Antonin Scalia once said the Constitution isn't some living thing, changing all the time. The United States Constitution, he said, says what it says--and doesn't say what it doesn't say. Easy enough, normally.
It may be a surprise to a lot of people, but there is nothing in the U.S. Constitution giving Iowa and New Hampshire such influential places in our election cycles. In fact, Iowa, as a state, wasn't even around circa 1787.
So why do Americans put so much stock in what those two cold, mostly white states have to say about their preference for president every four years?
And since the answer doesn't come readily, how about changing this process? There is no reason why those states should halve the candidates before the rest of us get a look-see.
T he Washington Post had a story this past week that lifts hopes in that regard. As the Democratic Party begins sewing together its calendar for the coming years, there is a growing effort to remove the first-in-the-nation caucuses from Iowa's clutches. According to The Post:
"The caucuses' reputation has been damaged by high barriers to participation, a dearth of racial diversity, the rightward drift in the state's electorate and a leftward drift in the Democratic participants. The state party's inability to count the results in 2020 only deepened dismay in the party."
Hot dog! And it's not like the Hawkeye Cauckeye has been a tradition for hundreds of years. Iowa only became a thing in 1972. And the state doesn't even have a good track record. Winners of the contest include Mike Huckabee, Tom Harkin, Dick Gephardt and Ted Cruz. Joe Biden came in fourth place in 2020.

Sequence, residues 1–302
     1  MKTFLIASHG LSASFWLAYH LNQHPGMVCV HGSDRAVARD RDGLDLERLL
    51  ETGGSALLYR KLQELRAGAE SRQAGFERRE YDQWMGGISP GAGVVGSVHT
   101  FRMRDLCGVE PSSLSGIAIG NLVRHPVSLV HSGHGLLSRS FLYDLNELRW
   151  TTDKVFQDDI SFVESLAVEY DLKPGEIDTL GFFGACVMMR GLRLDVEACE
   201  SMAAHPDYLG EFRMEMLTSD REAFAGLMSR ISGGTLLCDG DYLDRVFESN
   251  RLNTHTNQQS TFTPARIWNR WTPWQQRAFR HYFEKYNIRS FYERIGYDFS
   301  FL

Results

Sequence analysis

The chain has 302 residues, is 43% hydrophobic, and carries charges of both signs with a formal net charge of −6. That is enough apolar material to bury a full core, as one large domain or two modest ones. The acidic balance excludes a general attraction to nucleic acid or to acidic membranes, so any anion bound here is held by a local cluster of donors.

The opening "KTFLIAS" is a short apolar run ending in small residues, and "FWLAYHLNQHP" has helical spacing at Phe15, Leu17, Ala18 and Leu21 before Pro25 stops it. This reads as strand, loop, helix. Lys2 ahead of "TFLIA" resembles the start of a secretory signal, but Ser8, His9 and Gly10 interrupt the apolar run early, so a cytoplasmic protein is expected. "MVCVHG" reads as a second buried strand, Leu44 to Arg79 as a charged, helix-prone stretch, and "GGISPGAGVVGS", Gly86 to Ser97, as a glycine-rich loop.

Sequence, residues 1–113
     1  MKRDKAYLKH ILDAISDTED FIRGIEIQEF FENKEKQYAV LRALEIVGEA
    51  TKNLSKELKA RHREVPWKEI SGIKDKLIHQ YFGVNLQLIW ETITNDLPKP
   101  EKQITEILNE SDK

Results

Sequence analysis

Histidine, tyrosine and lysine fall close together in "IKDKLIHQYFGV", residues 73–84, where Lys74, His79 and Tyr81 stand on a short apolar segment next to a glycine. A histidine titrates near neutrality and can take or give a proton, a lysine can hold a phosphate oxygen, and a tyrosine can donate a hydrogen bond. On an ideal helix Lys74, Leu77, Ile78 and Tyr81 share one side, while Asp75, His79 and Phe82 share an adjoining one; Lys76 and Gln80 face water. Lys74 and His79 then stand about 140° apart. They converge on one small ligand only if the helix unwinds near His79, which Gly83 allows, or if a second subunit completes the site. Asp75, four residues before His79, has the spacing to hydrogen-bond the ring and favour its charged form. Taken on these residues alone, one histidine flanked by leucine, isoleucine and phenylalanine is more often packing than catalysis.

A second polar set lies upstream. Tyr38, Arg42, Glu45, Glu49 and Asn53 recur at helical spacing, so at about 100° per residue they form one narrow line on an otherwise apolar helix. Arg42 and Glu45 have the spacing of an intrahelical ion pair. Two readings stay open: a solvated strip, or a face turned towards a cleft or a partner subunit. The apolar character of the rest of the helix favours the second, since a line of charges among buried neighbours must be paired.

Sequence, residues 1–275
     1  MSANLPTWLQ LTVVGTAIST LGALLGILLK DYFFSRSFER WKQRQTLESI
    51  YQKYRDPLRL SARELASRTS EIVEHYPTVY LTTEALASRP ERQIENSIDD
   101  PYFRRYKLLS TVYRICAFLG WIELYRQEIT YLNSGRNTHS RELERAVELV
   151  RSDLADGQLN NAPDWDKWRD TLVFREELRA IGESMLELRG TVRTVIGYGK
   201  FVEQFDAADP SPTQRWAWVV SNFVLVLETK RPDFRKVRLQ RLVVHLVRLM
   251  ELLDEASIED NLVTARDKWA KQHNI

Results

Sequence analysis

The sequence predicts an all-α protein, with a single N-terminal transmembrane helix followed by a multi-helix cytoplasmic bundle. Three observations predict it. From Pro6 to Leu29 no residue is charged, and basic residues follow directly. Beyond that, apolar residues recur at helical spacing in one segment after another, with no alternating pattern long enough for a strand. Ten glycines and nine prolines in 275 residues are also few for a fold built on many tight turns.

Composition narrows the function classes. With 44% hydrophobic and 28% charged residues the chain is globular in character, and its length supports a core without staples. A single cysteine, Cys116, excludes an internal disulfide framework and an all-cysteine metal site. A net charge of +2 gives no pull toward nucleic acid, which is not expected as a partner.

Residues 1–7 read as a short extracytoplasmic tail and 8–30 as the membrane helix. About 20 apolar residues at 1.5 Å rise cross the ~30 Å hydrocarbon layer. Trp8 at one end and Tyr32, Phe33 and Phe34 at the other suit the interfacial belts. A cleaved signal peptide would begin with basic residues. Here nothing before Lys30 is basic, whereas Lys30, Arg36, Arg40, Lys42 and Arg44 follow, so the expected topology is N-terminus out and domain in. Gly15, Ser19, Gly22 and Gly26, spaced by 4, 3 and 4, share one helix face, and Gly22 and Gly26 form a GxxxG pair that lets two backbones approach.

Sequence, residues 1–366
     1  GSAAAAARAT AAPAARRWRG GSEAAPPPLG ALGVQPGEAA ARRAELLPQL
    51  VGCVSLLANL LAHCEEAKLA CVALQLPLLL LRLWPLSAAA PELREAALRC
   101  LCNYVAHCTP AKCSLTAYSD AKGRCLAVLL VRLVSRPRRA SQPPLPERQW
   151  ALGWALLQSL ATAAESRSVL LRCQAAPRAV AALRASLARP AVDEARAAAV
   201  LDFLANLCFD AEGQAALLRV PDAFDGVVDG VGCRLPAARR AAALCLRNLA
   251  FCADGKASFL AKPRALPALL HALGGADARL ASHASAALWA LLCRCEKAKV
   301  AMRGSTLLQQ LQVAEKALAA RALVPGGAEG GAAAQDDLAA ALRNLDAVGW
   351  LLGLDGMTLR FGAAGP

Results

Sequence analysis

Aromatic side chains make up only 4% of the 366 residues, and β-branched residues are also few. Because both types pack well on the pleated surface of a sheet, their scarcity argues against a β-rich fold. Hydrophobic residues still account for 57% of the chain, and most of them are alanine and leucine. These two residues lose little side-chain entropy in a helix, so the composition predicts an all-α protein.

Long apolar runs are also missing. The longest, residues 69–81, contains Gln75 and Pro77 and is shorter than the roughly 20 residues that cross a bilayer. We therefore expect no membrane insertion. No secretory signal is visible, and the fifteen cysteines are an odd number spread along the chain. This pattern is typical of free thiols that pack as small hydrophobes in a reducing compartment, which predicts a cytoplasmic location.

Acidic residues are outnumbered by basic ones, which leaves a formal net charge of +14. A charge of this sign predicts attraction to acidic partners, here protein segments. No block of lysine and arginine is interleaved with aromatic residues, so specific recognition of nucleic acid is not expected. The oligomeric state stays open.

For all the fuss about new voter laws that certain state legislatures have implemented over the last year, there doesn't seem to be as much ado from the political gadflies about the difficulties that are built into the Iowa Caucuses.
You have to be there in person; it can take hours; and only registered party members vote. And under the Democratic Party rules, it's not exactly a secret vote: People gather in groups and try to convince other groups to join theirs--until some sort of winner has absorbed enough voters. At least at that precinct.
It's not hard to wonder why it took so long to figure out who won in 2020. And controversy hung over the result for weeks because Pete Buttigieg was declared the "winner" although Bernie Sanders got more votes. Wha--?
And because every state has its own interests, any candidate who comes out against ethanol subsidies in Iowa is likely to get trounced.
Many years back, in one of those maverick phases he tended to go through, John McCain suggested dividing the nation into four sections for the presidential primary season. You'd have a Northeast section, Northwest, Southwest and Southeast. Those sections would take turns going first in the primaries every four years. You'd have four Super Tuesdays, and the four quadrants of the country would rotate as to timing.
It wouldn't be a perfect system, but every four years the rest of these several states would be big deals, too. States such as, say, New Jersey and New Mexico and South Dakota and Montana--all of which hold primaries in the summer, well after the nomination is usually decided.
The fact is, We the People can change the system, if we only would. The Constitution says very little about the presidential nomination process. The two major political parties, which formed years after the Constitution was written, are responsible for this state of affairs. Emphasis on state, or at least two of them.
Now that there's a sitting president who's unhappy with the model, maybe his party will find the pluck to make real changes.
Then we'll take on New Hampshire.